About a month ago, my colleague, saxophonist and educator Jeff Antoniuk had posted an educational video regarding parent rhythms and sounding legitimate when playing in multiple styles. During our post-video discussion, I related the following story to him:
20 years ago, when I was in my last semester of graduate school, I got called for a gig with a German band. The trombone player in the band had recently relocated from Romania and was a brilliant player. At the time, I didn’t know him well (since then, we’ve become great friends), but if you’ve ever worked with European players from the old country, you know that they are “efficient,” if not brutally honest, when communicating. The second tune of the first set was a happy German march, and I thought I was reading it down great until he turned to me and yelled in this angry, Romanian accent, “STYLE! PLAY STYLE!” I about crapped my pants! From that moment forward, I opened my ears up really big in order to fit in better. When it was an opportunity to solo, I made sure to respect the music by playing things which were idiomatic to each piece.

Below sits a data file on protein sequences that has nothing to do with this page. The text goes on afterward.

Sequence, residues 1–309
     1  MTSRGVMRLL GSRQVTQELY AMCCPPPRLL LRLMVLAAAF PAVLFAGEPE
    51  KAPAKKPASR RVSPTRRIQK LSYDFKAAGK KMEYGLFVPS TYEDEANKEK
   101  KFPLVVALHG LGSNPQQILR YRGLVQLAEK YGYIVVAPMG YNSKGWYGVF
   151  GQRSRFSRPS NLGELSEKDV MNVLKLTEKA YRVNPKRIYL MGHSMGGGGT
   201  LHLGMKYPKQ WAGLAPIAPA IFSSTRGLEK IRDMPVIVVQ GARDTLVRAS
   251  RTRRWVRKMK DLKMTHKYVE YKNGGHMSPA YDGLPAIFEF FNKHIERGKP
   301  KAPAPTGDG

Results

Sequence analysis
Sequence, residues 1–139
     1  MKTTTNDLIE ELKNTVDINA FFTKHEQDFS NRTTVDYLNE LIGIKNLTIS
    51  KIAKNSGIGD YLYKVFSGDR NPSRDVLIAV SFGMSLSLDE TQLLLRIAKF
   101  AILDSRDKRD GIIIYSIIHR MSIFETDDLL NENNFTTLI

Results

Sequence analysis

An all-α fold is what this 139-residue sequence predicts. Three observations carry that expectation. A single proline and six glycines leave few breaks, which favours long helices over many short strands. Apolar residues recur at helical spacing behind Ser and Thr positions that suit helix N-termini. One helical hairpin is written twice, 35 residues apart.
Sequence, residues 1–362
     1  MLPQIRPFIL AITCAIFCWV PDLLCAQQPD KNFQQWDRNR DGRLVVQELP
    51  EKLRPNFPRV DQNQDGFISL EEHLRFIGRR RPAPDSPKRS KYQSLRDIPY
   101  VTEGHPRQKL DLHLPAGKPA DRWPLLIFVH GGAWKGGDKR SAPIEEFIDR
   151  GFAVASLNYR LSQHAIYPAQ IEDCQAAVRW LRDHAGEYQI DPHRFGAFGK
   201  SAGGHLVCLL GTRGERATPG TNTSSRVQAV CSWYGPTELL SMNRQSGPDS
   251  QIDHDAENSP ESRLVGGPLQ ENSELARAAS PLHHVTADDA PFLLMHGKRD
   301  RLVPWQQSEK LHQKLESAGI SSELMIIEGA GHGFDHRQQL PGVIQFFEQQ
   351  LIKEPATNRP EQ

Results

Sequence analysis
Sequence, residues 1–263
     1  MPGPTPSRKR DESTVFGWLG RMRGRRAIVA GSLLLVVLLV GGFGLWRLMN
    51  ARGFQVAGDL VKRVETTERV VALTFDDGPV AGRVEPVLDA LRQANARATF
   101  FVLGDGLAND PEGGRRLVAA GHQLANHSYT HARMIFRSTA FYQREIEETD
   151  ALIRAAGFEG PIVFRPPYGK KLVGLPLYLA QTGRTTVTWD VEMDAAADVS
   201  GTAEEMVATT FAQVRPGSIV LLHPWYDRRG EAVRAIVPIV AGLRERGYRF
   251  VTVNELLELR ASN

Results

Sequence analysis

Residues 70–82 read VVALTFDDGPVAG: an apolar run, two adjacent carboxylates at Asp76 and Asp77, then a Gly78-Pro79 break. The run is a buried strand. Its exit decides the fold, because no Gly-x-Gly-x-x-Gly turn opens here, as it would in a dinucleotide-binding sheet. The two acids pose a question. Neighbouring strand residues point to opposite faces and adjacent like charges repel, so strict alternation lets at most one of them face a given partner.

So about 10 years ago, I was playing a jazz club date, and the kitchen forgot to make my dinner in time for the first break. In the interim, a fellow saxophonist had shown up and we had invited him to sit in during the second set. Just as we called him up, my dinner arrived, so the bandleader said that I could sit out a couple of tunes to eat. The band kicked off Back at the Chicken Shack, and my friend who was sitting in played an adventurous, extended, Bergonzi-esque solo. While he was still playing, a battle-wearied, local veteran, jazz guitarist came up to me and said, “Paul, do you know why you work all the time?” At the moment, all I was interested in was my bowl of jambalaya, so without looking up, I said, “No. Why?” He responded with, “Because when they call a shuffle blues, you PLAY a shuffle blues!”